Jack Roorbach, age 18.

It was my job to go through all these boxes and try to divide things a little. I get out a stack of large envelopes and label them sibling by sibling and cousin by cousin (I have 36 first cousins, all on Mom’s side–I pick just one per family). My two uncles, Bill and Carl, my Aunt Connie, and my mother (Reba Elaine Pearl Burkhardt) had all died in the previous four years. Photos of each of them, photos of all of them, photos of their living siblings, women in their 80s and 90s now. Photos of the living, photos of the dead. I tuck images of Uncle Bill into an envelope for cousin Lindy. I tuck Uncle Carl into an envelope for cousin June. Who knew how carefree and how good-looking and how gangly these people used to be!

In a stationery box, Robert’s baby book, all carefully filled out, beloved boy. It’s kept as a journal in the Victorian style, rather stiff until late in the pages, which include a description in my Grandmother’s hand of his last words: a prayer, which she spells out complete, blue fountain pen, on the page titled “Baby’s First Prayer,” an addendum to the old book of hopes she must have pulled out for comfort, a thought continued from somewhere else: “Later he wanted a different prayer from sister Reba Pearl’s so he used ‘Dear God we thank thee for this day, for home, and work and play, for loving care, and everything in Jesus’ name, Amen.’ He repeated this in gasps before his dear little soul left us.”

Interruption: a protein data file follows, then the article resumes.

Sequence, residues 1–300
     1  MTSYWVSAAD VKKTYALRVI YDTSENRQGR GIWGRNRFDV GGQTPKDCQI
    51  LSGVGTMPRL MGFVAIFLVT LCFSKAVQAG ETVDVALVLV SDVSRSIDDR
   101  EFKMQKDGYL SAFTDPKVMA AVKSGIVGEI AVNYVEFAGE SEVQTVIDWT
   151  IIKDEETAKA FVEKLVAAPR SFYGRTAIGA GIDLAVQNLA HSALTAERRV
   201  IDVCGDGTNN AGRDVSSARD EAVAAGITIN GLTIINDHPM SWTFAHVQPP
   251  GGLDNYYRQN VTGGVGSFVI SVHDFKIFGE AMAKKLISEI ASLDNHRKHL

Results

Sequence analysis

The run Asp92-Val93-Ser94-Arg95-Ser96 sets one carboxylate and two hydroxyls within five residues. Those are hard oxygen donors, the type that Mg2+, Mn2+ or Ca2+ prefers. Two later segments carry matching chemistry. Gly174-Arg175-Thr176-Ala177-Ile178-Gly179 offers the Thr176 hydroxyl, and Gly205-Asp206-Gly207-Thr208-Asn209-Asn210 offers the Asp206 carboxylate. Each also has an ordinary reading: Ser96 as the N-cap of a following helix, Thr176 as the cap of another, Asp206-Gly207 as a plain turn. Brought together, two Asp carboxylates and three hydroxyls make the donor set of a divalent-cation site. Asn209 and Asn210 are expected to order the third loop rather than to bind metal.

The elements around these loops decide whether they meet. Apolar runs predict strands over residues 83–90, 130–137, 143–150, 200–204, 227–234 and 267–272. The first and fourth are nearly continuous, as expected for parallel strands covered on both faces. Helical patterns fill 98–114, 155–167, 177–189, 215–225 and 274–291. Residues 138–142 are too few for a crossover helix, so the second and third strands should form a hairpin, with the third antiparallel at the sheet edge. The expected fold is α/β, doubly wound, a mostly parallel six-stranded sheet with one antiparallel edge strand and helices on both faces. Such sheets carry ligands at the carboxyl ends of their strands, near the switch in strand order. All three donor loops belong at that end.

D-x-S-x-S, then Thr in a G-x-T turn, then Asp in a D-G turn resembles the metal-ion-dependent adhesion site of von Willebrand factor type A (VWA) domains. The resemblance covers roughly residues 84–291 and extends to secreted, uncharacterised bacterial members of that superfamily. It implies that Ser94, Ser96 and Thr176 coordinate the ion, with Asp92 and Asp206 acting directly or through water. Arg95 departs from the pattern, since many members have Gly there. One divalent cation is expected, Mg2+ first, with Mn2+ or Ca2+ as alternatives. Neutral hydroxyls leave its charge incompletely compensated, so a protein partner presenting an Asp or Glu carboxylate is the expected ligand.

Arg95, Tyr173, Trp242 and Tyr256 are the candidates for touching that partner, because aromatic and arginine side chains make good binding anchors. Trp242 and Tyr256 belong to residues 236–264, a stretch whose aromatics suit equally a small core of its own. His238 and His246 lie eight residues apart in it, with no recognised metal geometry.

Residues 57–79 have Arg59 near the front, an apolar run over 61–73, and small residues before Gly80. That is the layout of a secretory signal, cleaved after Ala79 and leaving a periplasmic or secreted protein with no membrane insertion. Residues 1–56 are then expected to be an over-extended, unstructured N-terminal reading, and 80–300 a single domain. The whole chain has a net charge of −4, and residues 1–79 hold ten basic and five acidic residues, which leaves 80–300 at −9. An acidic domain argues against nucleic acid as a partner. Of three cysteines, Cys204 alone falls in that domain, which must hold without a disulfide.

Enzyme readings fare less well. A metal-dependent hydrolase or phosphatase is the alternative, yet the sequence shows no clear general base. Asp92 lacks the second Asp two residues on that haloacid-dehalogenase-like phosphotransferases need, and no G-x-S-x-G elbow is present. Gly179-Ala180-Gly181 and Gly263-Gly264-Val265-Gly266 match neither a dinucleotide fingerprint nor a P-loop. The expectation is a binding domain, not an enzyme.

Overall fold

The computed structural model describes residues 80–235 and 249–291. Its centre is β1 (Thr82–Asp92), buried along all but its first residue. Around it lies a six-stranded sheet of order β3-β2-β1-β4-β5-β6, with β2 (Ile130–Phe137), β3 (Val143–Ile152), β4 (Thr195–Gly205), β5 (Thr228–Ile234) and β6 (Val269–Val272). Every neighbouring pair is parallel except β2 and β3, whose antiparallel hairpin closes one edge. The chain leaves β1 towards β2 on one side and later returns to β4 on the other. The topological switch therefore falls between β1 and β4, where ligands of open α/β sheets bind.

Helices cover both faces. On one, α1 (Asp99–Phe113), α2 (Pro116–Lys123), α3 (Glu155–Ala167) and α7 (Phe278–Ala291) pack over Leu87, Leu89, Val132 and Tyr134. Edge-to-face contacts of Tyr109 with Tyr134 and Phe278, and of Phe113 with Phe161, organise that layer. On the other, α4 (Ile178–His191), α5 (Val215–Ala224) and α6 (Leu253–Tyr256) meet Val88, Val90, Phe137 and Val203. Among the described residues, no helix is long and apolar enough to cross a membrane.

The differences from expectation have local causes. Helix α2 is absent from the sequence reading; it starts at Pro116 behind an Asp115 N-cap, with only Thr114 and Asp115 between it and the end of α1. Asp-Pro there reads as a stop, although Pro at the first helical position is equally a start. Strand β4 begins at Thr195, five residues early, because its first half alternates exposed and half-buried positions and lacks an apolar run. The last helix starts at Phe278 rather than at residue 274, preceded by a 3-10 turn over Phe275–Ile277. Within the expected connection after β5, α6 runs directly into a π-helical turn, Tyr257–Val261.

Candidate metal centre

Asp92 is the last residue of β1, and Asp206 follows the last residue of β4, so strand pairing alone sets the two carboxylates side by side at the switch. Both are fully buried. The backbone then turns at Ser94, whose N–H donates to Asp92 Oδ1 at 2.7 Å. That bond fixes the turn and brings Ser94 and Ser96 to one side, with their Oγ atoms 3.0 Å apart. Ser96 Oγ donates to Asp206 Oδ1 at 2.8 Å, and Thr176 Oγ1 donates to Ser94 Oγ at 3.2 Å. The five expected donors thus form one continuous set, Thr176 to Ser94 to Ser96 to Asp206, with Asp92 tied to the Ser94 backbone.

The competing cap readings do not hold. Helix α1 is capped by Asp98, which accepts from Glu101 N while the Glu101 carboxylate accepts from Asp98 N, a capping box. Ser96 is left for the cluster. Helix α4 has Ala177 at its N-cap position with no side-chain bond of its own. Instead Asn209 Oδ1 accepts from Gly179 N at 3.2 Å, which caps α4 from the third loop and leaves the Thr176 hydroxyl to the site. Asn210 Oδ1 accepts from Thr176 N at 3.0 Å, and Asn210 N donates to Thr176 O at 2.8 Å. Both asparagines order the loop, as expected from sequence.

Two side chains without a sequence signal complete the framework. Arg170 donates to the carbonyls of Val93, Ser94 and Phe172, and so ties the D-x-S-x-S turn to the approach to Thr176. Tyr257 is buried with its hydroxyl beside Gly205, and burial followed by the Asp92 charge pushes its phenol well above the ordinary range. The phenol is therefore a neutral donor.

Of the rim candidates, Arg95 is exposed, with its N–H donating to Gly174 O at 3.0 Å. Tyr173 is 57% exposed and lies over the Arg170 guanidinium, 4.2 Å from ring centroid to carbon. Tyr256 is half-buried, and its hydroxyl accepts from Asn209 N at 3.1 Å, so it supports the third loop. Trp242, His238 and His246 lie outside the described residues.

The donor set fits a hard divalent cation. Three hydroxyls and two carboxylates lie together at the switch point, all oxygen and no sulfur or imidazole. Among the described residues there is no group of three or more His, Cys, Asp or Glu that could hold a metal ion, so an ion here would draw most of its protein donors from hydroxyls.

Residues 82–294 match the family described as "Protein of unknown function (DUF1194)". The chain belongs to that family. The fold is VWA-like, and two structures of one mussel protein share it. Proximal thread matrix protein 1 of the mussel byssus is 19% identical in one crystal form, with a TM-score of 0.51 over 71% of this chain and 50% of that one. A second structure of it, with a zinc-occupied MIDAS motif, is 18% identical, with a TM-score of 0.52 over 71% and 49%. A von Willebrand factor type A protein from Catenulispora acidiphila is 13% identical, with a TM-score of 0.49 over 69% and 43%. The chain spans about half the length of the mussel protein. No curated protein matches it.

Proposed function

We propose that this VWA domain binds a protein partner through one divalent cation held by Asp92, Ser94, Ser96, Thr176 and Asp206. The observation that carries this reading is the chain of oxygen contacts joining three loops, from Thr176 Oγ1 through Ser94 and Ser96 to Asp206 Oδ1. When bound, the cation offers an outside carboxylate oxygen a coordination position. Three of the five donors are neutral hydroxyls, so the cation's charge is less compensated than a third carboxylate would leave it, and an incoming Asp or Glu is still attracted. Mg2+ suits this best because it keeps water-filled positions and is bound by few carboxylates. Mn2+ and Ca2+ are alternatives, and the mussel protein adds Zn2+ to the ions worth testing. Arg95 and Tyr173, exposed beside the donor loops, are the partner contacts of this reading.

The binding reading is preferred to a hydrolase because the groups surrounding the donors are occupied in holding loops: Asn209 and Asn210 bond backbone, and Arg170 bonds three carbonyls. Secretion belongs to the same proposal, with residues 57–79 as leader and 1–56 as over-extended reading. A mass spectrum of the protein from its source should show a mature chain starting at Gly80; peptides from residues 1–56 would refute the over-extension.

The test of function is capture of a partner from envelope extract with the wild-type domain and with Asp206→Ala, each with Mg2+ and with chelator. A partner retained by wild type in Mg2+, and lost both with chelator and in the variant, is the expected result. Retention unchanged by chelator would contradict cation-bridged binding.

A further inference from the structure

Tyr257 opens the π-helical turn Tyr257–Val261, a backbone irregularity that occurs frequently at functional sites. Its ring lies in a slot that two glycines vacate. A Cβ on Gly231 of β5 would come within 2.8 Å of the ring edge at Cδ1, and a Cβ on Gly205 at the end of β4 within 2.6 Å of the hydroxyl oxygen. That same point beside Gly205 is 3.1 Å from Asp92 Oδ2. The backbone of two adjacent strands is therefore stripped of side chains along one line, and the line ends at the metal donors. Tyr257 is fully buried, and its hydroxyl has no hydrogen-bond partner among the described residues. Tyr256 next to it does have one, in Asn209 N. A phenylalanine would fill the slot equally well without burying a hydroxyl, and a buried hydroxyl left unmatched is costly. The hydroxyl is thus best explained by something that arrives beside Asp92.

Me and Bobby McGee, my mother used to sing. Me and Bobby, me and Bobby McGee.

Bill, Randy, Janet, Carol, Doug, c. 1967

One day singing it with her late in her life it occurred to me why this unlikely Janis Joplin hit would become her favorite song, why she sang it out at the top of her lungs, why she awakened us with it all through high school, full blast on the console hi-fi. And why the 45 version was on our little pink record player in my sister’s old room when I went to help clean the Connecticut house out before Dad’s move.